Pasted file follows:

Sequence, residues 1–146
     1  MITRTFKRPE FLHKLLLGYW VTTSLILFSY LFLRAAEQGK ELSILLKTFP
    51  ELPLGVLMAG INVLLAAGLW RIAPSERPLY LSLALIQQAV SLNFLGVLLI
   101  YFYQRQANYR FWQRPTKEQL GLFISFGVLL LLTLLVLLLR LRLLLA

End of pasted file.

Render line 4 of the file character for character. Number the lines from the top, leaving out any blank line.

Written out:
   101  YFYQRQANYR FWQRPTKEQL GLFISFGVLL LLTLLVLLLR LRLLLA